On July 31, 2018, the National Archives received a request from the Senate Judiciary Committee’s Ranking Minority Member Senator Dianne Feinstein and the other minority members of the committee for Judge Kavanaugh’s Staff Secretary records, which number the equivalent of several million pages. However, this request does not meet the requirements of section 2205(2)(C) of the Presidential Records Act, as the Archivist of the United States David S. Ferriero explained in an August 2, 2018, letter to Senate Minority Leader Charles Schumer. On August 6, 2018, Senator Feinstein asked the Archivist to reconsider this position, and the Archivist responded on August 10, 2018.
As noted in both letters, since the Presidential Records Act was enacted in 1978, the National Archives longstanding and consistent practice has been to respond only to requests from the Chair of Congressional Committees, regardless of which political party is in power. For the same reason that the National Archives was not able to respond to Senator Feinstein’s request, the agency also declined to respond to the requests by Republican Ranking Members for Presidential records during President Obama’s Administration.
The Government Printing Office (GPO) and the National Archives’ Office of the Federal Register (OFR) have released a mobile Web application (app) on the daily public activities of President of the United States. Here is the announcement:
FOR IMMEDIATE RELEASE: October 10, 2012 No. 12-40
GPO AND NATIONAL ARCHIVES RELEASE PRESIDENTIAL DOCUMENTS APP
WASHINGTON-The U.S. Government Printing Office (GPO) and the National Archives’ Office of the Federal Register (OFR) have released a mobile Web application (app) on the daily public activities of President of the United States. The app is part of both agencies efforts to support The White House digital strategy for the Federal Government by ensuring the American people have access to Government information on any device. The Presidential Documents app includes the President’s:
* Executive orders
* Communications to Congress and Federal agencies
* Approved acts
* Nominations submitted to the Senate
* White House announcements
* White House press releases
The app has user-friendly search capabilities allowing users to access content about the President by searching by date, category, subject, or location, which includes a map feature. This is the first time GPO has enabled an app with a geolocation feature providing users with access to the most recent content near their location. The public can take advantage of the free mobile Web app on most major mobile device platforms. GPO and OFR also make available the Daily Compilation of Presidential Documents on GPO’s Federal Digital System (FDsys).
Link to app: http://m.gpo.gov/dcpd
“GPO continues to build upon its reputation as the digital information platform for the Federal Government with the development and release of the Presidential Documents app,” said Acting Public Printer Davita Vance-Cooks. “GPO and OFR have enjoyed a successful partnership for more than 75 years to make Federal Government information available in print, online and now on mobile devices.”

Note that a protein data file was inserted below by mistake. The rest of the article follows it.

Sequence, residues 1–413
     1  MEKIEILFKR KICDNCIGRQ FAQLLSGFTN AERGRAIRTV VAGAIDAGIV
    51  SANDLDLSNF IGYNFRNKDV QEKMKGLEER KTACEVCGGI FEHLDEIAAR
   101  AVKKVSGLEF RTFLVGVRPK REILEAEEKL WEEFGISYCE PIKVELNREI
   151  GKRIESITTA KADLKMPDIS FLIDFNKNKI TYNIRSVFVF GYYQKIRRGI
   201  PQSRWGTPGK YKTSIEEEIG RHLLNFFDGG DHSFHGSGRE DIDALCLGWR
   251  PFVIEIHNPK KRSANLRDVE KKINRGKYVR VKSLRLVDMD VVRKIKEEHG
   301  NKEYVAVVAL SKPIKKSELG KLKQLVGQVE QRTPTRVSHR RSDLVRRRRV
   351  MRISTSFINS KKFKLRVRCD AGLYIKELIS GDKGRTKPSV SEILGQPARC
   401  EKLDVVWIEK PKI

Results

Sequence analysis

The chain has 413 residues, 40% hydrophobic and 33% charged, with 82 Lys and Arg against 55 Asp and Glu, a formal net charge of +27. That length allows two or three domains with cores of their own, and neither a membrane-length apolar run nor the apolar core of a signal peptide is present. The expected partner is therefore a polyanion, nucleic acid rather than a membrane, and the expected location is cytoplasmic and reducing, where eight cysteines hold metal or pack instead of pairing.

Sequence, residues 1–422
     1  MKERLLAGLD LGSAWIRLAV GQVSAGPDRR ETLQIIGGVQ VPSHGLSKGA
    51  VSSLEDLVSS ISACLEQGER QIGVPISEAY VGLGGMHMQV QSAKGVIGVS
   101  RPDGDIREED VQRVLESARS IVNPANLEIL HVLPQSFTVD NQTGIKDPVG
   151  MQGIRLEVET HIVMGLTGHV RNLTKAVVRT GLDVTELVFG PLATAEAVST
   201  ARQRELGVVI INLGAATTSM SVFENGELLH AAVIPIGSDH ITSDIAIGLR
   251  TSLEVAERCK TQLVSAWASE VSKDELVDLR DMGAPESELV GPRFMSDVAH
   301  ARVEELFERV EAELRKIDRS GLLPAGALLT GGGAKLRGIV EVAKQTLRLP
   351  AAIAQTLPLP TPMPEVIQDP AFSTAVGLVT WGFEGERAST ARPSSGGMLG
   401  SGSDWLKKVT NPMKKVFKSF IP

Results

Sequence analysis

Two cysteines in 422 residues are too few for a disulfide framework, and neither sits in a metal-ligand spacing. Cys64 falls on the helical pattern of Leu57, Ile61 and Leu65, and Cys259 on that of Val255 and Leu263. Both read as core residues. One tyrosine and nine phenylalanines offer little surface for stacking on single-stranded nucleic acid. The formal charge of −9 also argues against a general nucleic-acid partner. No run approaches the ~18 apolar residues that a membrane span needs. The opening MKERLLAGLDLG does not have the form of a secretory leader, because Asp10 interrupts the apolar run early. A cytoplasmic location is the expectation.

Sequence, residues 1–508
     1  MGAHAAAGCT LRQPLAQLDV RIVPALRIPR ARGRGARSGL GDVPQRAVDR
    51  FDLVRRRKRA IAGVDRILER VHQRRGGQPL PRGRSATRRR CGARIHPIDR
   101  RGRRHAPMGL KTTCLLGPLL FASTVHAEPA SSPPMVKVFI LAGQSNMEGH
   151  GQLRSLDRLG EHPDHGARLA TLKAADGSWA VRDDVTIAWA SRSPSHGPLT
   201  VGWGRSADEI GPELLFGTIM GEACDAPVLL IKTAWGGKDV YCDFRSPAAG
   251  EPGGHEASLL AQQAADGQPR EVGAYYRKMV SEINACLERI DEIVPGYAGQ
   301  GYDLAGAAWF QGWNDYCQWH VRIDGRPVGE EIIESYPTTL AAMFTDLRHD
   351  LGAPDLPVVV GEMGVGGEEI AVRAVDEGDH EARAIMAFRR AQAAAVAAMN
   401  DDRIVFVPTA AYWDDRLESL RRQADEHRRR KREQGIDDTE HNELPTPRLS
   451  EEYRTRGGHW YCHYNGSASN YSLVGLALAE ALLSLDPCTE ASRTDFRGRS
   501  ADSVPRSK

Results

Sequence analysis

“OFR continues to push the envelope on public access to critical government information. Innovation is a key component to the NARA strategy and providing access via mobile apps is a great example of how OFR is embracing technology. I am very excited and proud of NARA’s relationship with GPO on this communication achievement,” said Archivist David Ferriero.
The Presidential Documents app is the third app released by GPO; other apps include the FY 2013 Budget app and the Mobile Member Guide, which provides users with official biographical information about Members of the 112th Congress. GPO has also supported the Library of Congress in creating an iPad app for the Congressional Record. The Presidential Documents app represents the first app for the OFR and the third app for the National Archives….
In May 1975, the Watergate Special Prosecution Force (WSPF) decided that it was necessary to question former President Richard M. Nixon in connection with various investigations being conducted by the WSPF. Mr. Nixon was questioned over the period of two days, June 23 and June 24, 1975, and the testimony was taken as part of various investigations being conducted by the January 7, 1974, Grand Jury for the District of Columbia (the third Watergate Grand Jury). Chief Judge George Hart signed an order authorizing that the sworn deposition of Mr. Nixon be taken at the Coast Guard Station in San Mateo, California with two members of the grand jury present.
- press release, National Archives and Records Administration.
- Nixon Grand Jury Records, National Archives and Records Administration. Files from the National Archives’ WSPF collection including the transcript of President Nixon’s grand jury testimony and associated materials.
- Nixon Grand Jury Records at GPO, FDsys.
- Nixon Grand Jury Records at Scribd.
Well, already there is an information gap — just two days into the new Administration. The first is constitutional, and stems from the stumbling exchange between Obama and Supreme Court Justice Roberts during the oath of office on Tuesday. Apparently the clumsy dialogue raised contstitutional questions of the legitmacy, and there was a do over Wednesday evening. Good to know the power of the mother of all goverenment information, the Constituion, still has its foundational mojo going — especially after eight years were the practice and philosophy seemed to consider constitutional advantages in such a limited fashion.
What I find more curious (but not surprised, considering other news stories of the technological and transitional state of affairs in the White House) is how few (if any) of Obama’s official words, statements, news releases, etc. actually appear on the White House web page. The other official sources, Weekly Compilation and the Federal Register are also behind.
I predict a robust life and purpose for government informationn librarians in the near future.
See you on Day 3